Last year, we shared some fascinating information surrounding a rumored effort called "Nearby." According to our information at the time, Nearby would enable Android devices to communicate with people, places, and devices that were, well, nearby.
At the time, we had evidence that the feature would come with a future version of Play Services, with a friendly overview for users explaining that the service could use device sensors to communicate with nearby things.
In the worlds of side-scrolling brawlers, there's no problem you can't solve with your fists. So when the criminal Milkman and his thugs kidnap the Miss Fist Puncher contestants, you know what you must do. That's right, beat up just about everyone that dares to walk the streets of San Cruces. Now you can, in Fist Puncher, the crowdfunded 2D brawler that has found its way into the Play Store.
The official schedule for this year's Google I/O recently went live, and we're poring over the upcoming events with eager excitement. As one commenter was quick to point out, it looks like Android M will make an appearance at this year's conference. There's a direct mention under the Android for Work event scheduled for 2:30 PM PST on the 28th.
The presence of a What's New in Android session (1:00 PM) is also a tip-off.
This is the month of Google I/O, with the event set to take place from the 27th to the 29th. Eager conference goers and stay-at-home-live-streamers alike can now start planning those days out, because the official schedule has made its way online.
The page provides a general overview under the Agenda tab, but you can select other options to get a detailed list of what will take place each day. The most exciting event, the keynote, is scheduled for 9:30AM PST on the 28th.
What's New in Android will come later that day at 1 PM. It usually refers to a new version of Android, which are sometimes unveiled at Google I/O.
Oculus VR has been through quite a ride since it raised nearly $2.5 million on Kickstarter in 2012. It has produced two prototypes of the Oculus Rift head-mounted display, and been acquired by Facebook along the way. Now the company has announced a release window for the first consumer version of the Rift—Q1 2016. That's almost all we know, though.
After years of unsuccessfully pushing its almost-here software-defined Icera LTE modem, NVIDIA officially announced yesterday that the Icera unit, which it acquired in 2011, would be shutting down. The fate of the 500 employees working on Icera projects at NVIDIA was not announced, but may be in NVIDIA's quarterly earnings call tomorrow.
As recently as two years ago, NVIDIA was still pushing the Icera i500 LTE modem solution as part of its Phoenix Tegra 4i reference design phone platform, which saw adoption that could be counted on a single hand (OK, if the hand had six fingers). I believe ZTE, Xiaomi, and Coolpad were actually the only full-on Tegra 4 phone partners, each with a single, limited-run 3G phone that didn't even use Icera modems.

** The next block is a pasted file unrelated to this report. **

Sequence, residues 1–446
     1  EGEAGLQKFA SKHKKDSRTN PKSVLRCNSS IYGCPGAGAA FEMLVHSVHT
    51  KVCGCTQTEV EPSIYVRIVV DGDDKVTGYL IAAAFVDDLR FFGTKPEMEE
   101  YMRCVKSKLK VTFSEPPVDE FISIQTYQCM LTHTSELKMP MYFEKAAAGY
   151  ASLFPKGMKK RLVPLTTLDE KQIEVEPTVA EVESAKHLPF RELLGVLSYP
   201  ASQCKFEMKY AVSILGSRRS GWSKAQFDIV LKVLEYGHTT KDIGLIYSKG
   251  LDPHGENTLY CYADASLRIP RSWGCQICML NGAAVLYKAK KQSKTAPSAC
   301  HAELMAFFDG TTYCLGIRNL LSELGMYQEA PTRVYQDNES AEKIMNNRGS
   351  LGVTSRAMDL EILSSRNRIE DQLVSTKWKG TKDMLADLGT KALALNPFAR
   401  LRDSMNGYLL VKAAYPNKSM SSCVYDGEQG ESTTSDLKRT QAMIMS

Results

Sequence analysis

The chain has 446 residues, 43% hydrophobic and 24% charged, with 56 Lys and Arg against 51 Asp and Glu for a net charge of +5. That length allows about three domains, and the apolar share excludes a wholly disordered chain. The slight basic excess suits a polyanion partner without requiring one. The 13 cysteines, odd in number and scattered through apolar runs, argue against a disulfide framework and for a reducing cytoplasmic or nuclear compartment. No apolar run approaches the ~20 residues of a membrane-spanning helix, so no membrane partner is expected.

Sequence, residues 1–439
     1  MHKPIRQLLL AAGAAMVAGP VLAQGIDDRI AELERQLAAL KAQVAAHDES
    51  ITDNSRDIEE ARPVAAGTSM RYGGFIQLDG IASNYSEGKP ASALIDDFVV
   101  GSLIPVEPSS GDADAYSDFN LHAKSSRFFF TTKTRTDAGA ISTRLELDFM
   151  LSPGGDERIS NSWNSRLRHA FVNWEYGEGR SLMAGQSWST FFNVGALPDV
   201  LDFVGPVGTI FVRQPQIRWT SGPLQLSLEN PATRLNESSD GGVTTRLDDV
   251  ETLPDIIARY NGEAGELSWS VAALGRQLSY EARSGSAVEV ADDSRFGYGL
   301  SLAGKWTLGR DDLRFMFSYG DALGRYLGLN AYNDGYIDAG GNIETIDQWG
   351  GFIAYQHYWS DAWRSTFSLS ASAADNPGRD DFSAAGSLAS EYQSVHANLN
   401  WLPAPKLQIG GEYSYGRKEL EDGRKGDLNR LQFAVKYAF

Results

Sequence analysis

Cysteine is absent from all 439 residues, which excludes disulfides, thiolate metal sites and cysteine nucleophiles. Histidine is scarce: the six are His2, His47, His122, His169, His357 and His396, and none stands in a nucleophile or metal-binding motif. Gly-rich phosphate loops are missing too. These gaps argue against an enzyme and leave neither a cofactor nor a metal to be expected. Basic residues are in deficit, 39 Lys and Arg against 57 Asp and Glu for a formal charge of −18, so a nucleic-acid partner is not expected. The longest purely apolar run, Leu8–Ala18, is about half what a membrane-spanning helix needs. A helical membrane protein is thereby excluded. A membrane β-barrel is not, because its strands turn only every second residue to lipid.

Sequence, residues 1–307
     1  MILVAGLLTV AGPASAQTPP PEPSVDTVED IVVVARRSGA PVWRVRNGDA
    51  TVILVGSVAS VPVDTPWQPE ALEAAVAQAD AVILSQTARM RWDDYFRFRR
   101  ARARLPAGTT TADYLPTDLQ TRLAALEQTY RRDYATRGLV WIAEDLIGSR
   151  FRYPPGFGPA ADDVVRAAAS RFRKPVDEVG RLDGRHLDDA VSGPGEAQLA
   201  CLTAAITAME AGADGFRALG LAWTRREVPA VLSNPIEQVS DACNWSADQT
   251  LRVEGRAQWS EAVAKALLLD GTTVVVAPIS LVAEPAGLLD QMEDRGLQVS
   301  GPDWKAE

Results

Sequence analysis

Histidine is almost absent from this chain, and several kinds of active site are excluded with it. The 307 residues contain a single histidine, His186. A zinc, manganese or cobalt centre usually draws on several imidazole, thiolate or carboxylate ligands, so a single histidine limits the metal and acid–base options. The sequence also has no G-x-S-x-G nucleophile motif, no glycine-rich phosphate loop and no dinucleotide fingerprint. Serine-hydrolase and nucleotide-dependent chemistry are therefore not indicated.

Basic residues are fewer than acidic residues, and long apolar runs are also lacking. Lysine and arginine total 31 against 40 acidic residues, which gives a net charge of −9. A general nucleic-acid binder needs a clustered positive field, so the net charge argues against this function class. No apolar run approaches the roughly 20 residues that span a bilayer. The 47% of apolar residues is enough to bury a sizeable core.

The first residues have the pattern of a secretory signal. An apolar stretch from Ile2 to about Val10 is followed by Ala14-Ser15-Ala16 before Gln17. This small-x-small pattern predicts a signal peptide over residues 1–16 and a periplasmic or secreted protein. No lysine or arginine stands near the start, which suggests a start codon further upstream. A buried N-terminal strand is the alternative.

Towards the end of 2014, Oppo released an update for the Find 5 that bumped the Jelly Bean-running device up to KitKat. It wasn't a quality piece of work, but it was something. Now we know that for the Find 5, along with the N1 and the R819, things won't get any better. No additional ColorOS updates are on the way. None of these devices will see Android Lollipop.
This news comes after a reader pointed us toward the Oppo forums, where a moderator stated that these three devices won't receive any more ColorOS updates. We've since reached out to Oppo, and today we received this short but straightforward statement:
"OPPO will not be providing a Lollipop update for the R819, N1 and the Find 5."
Snapchat 9.7 is here, and it packs two new features. They don't fundamentally change the app. In fact, if you blink you might miss them.
The first item on the changelog deals with snaps highlighted in Discover. If you recall, this is the part of the app that shows content from the likes of CNN and National Geographic. You can now tap and hold on the center to share a clip with friends. Snapchat lets you add a caption, doodles, and filters before sending it off.
The second addition is the ability to zoom into video while you're recording.
Toddlers deserve teardowns too! Ok, maybe teardowns are still for grownups, but let's do something for those little ones that haven't learned to read xml yet. The YouTube Kids app has only been available since late February, so it's fair to expect a lot of changes and new features in each release. Last week's update brought immersive mode and better voice search, but a look inside revealed that there are some extra toys in the future. To begin with, it looks like Chromecast support is right around the corner. However, the really cool addition appears to be a built-in recording mode to capture your little one singing along to The Wheels On The Bus.
As much as we all love to live in a digital world, there's just no replacing books. Sure, ebooks are good - but there's something awesome about having a physical copy and flipping through the pages. That's especially true if you're already using your computer for something else - you know, like work. Let me give an example.
Let's say you're a developer, and you're working on...something. You're having issues squashing a bug or getting a specific feature to work the way you want. Then you remember that you have this killer book from Packt Publishing on the shelf behind you that covers the very thing you're having an issue with you.